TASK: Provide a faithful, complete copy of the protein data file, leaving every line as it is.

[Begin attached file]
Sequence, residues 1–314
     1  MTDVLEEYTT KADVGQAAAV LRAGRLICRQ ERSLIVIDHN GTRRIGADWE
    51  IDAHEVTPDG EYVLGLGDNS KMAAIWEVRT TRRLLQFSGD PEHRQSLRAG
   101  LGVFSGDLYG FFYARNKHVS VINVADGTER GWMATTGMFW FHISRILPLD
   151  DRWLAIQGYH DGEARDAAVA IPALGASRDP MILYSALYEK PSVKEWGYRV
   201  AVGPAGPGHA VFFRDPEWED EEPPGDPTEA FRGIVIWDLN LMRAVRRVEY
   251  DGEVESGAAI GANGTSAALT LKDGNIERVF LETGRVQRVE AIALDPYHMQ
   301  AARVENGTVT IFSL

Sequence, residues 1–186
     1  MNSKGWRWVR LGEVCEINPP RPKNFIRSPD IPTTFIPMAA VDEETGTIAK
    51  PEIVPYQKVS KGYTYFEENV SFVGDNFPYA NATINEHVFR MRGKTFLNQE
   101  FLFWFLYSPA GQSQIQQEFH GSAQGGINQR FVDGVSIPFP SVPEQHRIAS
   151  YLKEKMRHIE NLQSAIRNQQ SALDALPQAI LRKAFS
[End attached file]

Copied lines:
Sequence, residues 1–314
     1  MTDVLEEYTT KADVGQAAAV LRAGRLICRQ ERSLIVIDHN GTRRIGADWE
    51  IDAHEVTPDG EYVLGLGDNS KMAAIWEVRT TRRLLQFSGD PEHRQSLRAG
   101  LGVFSGDLYG FFYARNKHVS VINVADGTER GWMATTGMFW FHISRILPLD
   151  DRWLAIQGYH DGEARDAAVA IPALGASRDP MILYSALYEK PSVKEWGYRV
   201  AVGPAGPGHA VFFRDPEWED EEPPGDPTEA FRGIVIWDLN LMRAVRRVEY
   251  DGEVESGAAI GANGTSAALT LKDGNIERVF LETGRVQRVE AIALDPYHMQ
   301  AARVENGTVT IFSL

Sequence, residues 1–186
     1  MNSKGWRWVR LGEVCEINPP RPKNFIRSPD IPTTFIPMAA VDEETGTIAK
    51  PEIVPYQKVS KGYTYFEENV SFVGDNFPYA NATINEHVFR MRGKTFLNQE
   101  FLFWFLYSPA GQSQIQQEFH GSAQGGINQR FVDGVSIPFP SVPEQHRIAS
   151  YLKEKMRHIE NLQSAIRNQQ SALDALPQAI LRKAFS